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New systems being used to remove leaves from railways

A new system developed by researchers at Sheffield University is being trialled to remove slippery leaves from the country’s railway lines.

Like any machinery, effective lubrication is essential for trains to run smoothly, and lubricant makers like Klüber work to develop products to meet the particular needs of the rail industry. Even the rails and the wheels of rolling stock can benefit from lubrication. Unfortunately, this is taken to an extreme by falling leaves in that they get compressed by passing trains and become smooth. These then prevent trains from maintaining an adequate grip, rather like the rail equivalent of black ice, causing them to run slower and inevitably causing delays in the network.

The new system fires pellets of dry ice onto the rails with air, causing them to freeze. Next, as the dry ice becomes gas again, the brittle frozen leaves are blasted off the line. The new system should be less damaging than the current system where trains need to spray a mix of steel and sand particles onto rails from mounted water tanks.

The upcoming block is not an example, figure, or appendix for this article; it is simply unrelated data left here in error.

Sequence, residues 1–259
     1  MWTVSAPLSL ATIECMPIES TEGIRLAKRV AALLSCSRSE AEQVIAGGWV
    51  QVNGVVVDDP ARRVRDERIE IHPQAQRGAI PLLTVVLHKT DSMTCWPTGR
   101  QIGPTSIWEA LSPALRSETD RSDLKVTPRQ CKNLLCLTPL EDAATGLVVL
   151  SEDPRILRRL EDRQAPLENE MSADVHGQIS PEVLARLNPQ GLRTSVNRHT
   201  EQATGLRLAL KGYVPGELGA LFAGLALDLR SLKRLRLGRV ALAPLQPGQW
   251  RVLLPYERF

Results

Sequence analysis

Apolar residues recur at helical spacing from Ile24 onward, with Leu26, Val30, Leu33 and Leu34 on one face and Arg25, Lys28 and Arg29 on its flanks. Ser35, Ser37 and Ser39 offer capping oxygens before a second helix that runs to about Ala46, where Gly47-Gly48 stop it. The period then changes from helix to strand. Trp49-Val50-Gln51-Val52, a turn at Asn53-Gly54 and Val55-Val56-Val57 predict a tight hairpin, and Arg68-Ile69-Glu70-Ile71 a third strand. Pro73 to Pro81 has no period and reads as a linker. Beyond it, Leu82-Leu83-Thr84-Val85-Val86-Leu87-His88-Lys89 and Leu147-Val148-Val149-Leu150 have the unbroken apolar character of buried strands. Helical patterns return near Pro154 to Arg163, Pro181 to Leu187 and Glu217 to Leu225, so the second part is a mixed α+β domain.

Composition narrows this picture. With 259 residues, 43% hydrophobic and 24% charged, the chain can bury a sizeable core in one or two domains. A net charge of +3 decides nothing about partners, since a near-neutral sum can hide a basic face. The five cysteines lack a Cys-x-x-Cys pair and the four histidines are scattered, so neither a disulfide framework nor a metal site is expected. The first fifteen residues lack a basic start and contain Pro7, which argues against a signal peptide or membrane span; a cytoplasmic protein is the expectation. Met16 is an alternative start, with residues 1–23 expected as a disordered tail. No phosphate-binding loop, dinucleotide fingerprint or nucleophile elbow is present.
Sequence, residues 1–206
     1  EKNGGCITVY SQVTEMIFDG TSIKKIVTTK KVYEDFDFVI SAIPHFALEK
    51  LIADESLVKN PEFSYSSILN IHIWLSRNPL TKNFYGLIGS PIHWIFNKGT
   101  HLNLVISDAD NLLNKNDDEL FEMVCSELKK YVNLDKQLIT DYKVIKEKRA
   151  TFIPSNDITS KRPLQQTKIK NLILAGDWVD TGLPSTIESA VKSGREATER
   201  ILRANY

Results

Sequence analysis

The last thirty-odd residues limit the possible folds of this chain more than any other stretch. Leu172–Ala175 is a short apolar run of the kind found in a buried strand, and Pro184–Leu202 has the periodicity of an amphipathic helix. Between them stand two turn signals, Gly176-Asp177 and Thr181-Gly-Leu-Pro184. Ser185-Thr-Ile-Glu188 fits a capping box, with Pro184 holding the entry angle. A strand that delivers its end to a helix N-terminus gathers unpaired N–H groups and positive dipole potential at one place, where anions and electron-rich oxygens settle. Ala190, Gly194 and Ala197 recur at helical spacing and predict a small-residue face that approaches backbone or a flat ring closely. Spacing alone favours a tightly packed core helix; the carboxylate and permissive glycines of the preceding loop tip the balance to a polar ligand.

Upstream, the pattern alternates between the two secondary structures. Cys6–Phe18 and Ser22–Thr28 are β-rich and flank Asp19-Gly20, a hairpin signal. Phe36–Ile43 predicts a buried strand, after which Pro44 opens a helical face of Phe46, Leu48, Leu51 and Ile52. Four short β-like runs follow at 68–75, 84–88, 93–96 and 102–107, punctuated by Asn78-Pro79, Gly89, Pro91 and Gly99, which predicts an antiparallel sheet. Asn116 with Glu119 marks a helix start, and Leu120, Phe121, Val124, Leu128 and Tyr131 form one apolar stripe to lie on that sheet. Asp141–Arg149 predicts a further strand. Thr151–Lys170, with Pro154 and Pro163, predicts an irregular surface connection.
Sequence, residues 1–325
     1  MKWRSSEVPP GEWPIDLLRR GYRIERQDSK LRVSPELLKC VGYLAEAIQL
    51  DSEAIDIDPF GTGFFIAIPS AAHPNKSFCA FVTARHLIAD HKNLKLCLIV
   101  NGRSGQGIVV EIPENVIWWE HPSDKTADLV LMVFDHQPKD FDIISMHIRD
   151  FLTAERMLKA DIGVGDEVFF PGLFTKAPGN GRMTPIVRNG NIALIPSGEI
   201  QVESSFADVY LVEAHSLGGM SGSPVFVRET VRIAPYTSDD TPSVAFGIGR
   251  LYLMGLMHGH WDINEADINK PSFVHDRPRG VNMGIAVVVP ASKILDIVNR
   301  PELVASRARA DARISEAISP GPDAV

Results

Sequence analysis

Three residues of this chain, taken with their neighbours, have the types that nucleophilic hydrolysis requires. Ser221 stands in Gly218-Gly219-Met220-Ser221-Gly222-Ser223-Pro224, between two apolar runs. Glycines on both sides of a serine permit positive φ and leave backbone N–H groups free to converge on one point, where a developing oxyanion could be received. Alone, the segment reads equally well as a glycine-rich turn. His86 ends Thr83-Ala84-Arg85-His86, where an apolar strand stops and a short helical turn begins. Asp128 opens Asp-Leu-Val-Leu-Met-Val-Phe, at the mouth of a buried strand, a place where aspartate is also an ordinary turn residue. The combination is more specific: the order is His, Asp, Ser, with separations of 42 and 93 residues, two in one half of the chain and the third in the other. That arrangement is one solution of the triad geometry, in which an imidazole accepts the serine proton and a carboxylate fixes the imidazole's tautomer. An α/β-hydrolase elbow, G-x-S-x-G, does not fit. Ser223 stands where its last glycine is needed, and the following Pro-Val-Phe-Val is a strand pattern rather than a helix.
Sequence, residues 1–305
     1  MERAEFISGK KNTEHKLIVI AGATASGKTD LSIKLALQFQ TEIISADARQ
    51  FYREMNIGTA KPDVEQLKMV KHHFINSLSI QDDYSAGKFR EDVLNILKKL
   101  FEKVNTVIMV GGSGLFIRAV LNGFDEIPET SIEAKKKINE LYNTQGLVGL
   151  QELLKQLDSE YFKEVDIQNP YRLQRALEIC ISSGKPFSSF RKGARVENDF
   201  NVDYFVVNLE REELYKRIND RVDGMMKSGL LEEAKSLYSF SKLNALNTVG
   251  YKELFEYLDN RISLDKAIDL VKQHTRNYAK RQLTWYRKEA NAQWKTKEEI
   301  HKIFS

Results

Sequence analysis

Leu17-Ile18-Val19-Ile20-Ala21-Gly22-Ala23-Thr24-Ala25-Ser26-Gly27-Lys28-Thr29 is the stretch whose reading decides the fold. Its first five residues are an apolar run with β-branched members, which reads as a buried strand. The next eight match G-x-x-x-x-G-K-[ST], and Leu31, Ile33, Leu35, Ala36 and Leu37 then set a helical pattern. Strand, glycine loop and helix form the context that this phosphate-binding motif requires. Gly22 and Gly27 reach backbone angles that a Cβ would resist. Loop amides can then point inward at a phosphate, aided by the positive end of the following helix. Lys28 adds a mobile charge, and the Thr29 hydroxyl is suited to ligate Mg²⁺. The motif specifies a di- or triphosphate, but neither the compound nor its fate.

In East Anglia, meanwhile, Network Rail is running six “leaf busting” trains around the rail network to clear up fallen leaves. These trains work differently in that they use high-pressure water jets to blast leaves off the lines. They then apply a special gel that works in the opposite way to a lubricant—it actually helps trains to maintain their grip if further leaves fall onto the line.

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